The commander of Soviet forces in Germany warned Saturday of increasing attacks on his 380,000 soldiers in eastern Germany and said it was only their self-control that has avoided reprisals against civilians.
Army Gen. Boris Snetkov, at a news conference in Berlin, also denied recent reports in the German press that his forces stationed in eastern Germany were selling weapons on the black market.Snetkov said there has been a sharp increase in the number of attacks on the Soviet army posts that have remained in the former East Germany despite its reunification last month with West Germany.
Without discussing specific attacks, Snetkov said it was only the self-control of the Soviet soldiers that has prevented any Germans from being injured in such incidents, he said.
Snetkov described as "lies" recent media reports that Soviet soldiers have been selling weapons on the black market to earn hard currency.
He said he knew of only about 20 cases in which Germans had offered to buy weapons from soldiers.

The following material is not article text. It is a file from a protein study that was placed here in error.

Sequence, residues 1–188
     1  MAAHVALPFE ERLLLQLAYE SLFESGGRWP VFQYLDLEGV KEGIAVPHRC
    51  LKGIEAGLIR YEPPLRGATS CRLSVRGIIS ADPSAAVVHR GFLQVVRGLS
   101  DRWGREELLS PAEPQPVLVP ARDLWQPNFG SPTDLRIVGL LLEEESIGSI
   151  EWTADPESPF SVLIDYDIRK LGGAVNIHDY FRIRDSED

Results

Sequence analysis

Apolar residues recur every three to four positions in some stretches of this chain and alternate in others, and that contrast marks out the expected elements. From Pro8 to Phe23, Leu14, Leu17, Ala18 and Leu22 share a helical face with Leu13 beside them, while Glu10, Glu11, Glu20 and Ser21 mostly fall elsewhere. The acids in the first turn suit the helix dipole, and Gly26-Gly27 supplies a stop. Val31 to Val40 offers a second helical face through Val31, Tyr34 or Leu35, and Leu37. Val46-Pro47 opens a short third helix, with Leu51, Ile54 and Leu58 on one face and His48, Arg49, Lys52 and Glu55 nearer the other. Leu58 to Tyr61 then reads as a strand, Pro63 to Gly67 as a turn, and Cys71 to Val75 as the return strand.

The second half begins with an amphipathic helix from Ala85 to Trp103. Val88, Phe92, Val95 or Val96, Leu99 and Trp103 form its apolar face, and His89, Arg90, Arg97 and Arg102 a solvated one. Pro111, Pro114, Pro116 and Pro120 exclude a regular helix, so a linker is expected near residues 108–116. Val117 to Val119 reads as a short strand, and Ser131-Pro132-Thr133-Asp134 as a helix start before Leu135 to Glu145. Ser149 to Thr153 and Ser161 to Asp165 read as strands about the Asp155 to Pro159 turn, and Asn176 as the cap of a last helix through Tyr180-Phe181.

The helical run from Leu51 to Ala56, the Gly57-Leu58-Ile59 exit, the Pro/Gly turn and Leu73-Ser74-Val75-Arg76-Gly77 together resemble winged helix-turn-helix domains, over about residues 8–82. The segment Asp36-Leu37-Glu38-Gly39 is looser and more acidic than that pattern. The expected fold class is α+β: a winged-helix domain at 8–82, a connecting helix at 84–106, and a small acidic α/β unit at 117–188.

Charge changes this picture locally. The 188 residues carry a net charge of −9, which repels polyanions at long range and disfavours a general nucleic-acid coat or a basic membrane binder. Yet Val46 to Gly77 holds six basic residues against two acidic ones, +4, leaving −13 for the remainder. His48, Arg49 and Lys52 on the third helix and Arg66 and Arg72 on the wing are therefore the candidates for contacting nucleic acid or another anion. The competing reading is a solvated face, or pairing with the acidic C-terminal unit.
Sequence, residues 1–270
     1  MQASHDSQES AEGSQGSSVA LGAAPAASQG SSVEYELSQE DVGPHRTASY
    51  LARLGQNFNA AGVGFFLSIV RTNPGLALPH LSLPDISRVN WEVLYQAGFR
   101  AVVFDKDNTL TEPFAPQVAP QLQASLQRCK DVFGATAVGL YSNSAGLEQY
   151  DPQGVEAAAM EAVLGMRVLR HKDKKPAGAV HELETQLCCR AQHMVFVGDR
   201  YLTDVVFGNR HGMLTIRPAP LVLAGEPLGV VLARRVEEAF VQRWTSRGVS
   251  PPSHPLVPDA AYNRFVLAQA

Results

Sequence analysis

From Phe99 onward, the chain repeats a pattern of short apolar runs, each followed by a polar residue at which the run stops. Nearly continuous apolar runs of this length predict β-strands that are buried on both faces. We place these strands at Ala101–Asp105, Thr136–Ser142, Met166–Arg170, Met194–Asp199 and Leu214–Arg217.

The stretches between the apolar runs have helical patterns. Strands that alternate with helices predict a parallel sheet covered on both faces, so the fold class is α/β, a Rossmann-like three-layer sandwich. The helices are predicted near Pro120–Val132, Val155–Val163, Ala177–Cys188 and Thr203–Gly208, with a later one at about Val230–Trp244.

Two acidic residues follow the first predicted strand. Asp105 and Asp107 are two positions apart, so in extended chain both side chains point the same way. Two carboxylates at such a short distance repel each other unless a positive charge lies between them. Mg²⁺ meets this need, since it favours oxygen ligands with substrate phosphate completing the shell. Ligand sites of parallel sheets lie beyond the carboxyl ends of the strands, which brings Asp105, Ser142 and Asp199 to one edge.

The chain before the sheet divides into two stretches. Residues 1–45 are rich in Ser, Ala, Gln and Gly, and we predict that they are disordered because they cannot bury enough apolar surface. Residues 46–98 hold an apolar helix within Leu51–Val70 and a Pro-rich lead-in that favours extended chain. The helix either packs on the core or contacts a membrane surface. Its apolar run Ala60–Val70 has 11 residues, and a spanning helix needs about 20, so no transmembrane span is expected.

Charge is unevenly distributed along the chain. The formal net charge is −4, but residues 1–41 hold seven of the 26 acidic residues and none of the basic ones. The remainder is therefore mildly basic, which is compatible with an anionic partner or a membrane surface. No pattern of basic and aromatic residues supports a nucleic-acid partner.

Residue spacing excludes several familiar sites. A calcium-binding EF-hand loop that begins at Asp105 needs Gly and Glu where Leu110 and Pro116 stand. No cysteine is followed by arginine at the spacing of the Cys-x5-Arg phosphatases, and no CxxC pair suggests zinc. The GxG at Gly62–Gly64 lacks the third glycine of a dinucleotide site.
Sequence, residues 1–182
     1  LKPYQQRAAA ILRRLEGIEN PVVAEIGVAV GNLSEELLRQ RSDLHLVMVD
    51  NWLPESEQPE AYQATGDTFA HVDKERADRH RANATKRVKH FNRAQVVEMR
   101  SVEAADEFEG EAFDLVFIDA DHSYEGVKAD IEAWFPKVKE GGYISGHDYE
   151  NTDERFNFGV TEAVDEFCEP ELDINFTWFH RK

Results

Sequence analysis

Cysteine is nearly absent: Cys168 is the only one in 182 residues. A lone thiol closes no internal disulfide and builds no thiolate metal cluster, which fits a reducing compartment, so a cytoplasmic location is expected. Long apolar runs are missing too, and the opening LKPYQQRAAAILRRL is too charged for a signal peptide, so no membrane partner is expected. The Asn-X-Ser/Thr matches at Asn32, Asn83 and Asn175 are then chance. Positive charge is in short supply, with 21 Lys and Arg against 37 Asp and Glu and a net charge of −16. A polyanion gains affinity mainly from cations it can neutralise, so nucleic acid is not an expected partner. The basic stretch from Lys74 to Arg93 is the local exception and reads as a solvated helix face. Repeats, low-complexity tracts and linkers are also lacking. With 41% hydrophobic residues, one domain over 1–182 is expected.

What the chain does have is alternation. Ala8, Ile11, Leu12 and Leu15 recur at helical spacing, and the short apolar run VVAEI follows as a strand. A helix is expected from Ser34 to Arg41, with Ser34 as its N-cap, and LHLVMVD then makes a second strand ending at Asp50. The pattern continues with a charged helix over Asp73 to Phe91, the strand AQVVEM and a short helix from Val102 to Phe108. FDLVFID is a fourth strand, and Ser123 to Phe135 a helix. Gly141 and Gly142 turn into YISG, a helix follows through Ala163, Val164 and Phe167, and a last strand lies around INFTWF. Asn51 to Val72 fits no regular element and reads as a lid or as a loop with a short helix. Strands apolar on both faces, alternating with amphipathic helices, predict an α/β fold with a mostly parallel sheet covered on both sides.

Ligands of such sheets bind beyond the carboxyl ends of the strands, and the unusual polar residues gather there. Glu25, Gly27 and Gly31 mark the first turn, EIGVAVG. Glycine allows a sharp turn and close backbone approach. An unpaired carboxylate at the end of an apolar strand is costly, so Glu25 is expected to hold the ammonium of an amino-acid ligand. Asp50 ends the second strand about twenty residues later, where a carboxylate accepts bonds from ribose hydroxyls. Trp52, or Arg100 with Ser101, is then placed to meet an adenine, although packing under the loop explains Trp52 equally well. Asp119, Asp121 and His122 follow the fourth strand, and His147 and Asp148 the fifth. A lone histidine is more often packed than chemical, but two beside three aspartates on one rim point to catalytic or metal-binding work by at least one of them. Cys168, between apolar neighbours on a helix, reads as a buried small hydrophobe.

Snetkov also denied reports that thousands of Soviet conscripts stationed in Germany were killed each year. He said such figures reported by the media were inflated at least 10 times.
Snetkov said deaths in the Soviet army occurred through carelessness and accidents during training - and not through any brutal treatment of recruits, as reported in the media.
He said the timetable for withdrawing all Soviet forces from Germany by 1994 was being fine-tuned but declined to comment on recent reports that the Soviet withdrawal might be speeded up.